Let’s face it. AWS has gotten incredibly complicated. A simple task like picking the right instance type for your MongoDB on AWS requires a fair bit of research. How do you know which server type to choose in the alphabet soup of options? In this blog post, we’ll break down the different instance types and how they’re applicable to your MongoDB scenarios. In order to keep things simple, we’re not going to talk about disk types or sizes in this post – but don’t worry, that’s the topic of our next post.
1. Low Memory Instances: (T1.Micro, M1.Small)
These types of instances are mostly used for development and testing. Due to the small amount of memory, it’s unlikely you’ll want to use them in a real production scenario. but they are good candidates for “Arbiters” in your replica set. Also, T1.Micro instances qualify for the free usage tier of AWS (750 hours/month free for a year).
2. General Purpose Instances: (M3.Medium – M3.XLarge)
General Purpose instances are excellent starter instances for your MongoDB Server. If you’re just getting started or unsure of the amount of memory you’ll need, these are great instances to kick off with. As your needs increase, you can move to the High Memory or High IO instances. The previous generation of General Purpose instances used to be called M1.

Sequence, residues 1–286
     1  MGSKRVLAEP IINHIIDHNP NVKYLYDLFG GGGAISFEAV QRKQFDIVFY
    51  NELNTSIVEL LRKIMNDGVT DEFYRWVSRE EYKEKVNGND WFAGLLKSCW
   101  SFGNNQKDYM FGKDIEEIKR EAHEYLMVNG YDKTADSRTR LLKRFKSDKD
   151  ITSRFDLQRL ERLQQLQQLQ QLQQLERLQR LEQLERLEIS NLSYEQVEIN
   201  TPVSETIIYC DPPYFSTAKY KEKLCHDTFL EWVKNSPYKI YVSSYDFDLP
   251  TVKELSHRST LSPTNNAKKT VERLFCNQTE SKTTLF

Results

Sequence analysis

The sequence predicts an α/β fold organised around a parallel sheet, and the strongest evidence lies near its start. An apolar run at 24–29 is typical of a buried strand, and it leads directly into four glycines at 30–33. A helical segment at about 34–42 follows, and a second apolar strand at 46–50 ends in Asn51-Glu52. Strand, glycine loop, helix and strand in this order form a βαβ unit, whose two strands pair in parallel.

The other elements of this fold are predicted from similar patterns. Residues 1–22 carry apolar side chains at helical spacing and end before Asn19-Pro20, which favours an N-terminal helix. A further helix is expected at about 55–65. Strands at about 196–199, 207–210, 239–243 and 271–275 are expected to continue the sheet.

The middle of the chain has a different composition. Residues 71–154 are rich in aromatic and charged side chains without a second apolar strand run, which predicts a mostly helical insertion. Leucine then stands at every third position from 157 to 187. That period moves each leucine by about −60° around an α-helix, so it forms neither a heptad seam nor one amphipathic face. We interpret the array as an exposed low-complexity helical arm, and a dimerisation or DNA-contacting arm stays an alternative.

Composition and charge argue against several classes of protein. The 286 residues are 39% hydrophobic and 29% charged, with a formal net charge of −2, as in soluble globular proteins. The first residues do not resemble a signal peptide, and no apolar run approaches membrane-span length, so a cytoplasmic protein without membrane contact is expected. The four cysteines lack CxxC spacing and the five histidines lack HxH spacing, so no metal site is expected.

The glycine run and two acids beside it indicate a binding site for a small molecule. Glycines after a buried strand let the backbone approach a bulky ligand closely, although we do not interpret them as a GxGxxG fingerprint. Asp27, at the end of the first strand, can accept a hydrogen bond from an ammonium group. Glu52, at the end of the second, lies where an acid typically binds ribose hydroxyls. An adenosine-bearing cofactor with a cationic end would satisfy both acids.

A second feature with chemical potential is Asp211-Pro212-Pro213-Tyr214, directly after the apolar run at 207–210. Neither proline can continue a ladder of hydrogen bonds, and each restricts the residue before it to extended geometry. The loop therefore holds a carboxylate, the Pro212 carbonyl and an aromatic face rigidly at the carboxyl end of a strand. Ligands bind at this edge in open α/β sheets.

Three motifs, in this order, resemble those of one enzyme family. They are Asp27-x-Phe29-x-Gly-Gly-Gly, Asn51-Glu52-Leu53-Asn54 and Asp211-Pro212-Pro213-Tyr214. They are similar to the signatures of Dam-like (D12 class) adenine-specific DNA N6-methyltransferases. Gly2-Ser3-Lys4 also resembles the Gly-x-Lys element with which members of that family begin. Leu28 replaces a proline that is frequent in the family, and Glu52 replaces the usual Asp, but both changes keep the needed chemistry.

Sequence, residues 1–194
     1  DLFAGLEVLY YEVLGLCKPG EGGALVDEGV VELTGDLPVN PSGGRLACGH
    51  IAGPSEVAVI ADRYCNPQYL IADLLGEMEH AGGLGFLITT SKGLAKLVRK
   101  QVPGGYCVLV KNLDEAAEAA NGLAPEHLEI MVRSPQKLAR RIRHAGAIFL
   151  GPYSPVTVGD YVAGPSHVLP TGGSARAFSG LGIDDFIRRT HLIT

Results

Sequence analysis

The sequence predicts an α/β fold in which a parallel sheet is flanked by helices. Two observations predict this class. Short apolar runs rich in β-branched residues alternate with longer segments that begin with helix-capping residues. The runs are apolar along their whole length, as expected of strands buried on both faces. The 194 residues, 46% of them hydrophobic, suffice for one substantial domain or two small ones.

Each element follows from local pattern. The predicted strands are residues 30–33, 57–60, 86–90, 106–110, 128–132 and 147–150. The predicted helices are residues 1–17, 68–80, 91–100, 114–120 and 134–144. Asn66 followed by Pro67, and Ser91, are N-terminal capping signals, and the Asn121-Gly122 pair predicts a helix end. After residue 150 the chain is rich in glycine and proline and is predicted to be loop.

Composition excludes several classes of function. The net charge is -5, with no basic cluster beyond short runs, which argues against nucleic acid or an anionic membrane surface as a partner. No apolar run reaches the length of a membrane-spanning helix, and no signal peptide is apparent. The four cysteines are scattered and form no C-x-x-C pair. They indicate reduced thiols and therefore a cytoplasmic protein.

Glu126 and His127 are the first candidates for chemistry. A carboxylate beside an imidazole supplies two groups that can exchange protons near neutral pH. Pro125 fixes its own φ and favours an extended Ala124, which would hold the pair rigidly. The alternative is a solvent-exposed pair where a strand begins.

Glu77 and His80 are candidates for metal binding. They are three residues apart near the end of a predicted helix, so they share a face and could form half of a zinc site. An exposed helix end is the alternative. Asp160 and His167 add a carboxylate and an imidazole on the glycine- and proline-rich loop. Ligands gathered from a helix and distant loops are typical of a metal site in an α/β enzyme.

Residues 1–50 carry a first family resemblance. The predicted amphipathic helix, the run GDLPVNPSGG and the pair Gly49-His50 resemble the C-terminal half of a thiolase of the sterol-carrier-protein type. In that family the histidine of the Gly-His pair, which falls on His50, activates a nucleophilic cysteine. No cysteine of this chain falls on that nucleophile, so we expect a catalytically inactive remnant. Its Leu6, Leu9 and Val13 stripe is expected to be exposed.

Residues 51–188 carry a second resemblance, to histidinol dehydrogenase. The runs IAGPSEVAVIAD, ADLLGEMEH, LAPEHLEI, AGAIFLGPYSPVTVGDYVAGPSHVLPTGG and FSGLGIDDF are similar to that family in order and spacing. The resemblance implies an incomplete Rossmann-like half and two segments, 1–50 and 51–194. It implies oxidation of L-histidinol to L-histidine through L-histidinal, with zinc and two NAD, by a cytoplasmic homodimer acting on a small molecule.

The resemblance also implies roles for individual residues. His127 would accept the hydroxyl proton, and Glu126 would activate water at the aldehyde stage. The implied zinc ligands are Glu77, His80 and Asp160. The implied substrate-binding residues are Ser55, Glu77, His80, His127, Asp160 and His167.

3. High Memory Instances: (R3.Large – R3.8xLarge)
These instances are the sweet spot for your MongoDB instances. They have the right balance of memory and compute power, and are good candidates to run your larger MongoDB server. MongoDB is mainly a memory game – the more memory you supply, the better it works and these instance types offer the most memory. The previous generation of these instances used to be called M2. If your MongoDB server is still getting disk bound, then I would consider the High IO instances.
4. High IO Instances: (I2.xlarge – I2.8xLarge, HS1)
These are the “Cadillacs” of the EC2 world, and you can run your most demanding MongoDB servers on these instances. They provide a high amount memory and fast local SSDs. As you can imagine, they do cost a pretty penny. The local SSDs have a few caveats that you need to be aware of, and we’re going to discuss this in an upcoming post of disk options.
5. High Compute Instances: (c3.large-c38xlarge)
These instances provide the best CPU performance for their price. However, MongoDB does not need a lot of CPU, and we’ve rarely found these to be useful. We prefer the High Memory and High IO instances to run our MongoDB databases.
As always if you have other questions, email us at firstname.lastname@example.org.
Here are some other relevant articles if you’re hosting MongoDB on AWS:
- 10 questions to ask (and answer) when hosting MongoDB on AWS
- Secure MongoDB deployment on Amazon AWS
- How to ensure your MongoDB clusters can survive outages on AWS
- MongoDB-as-a-service in your own AWS account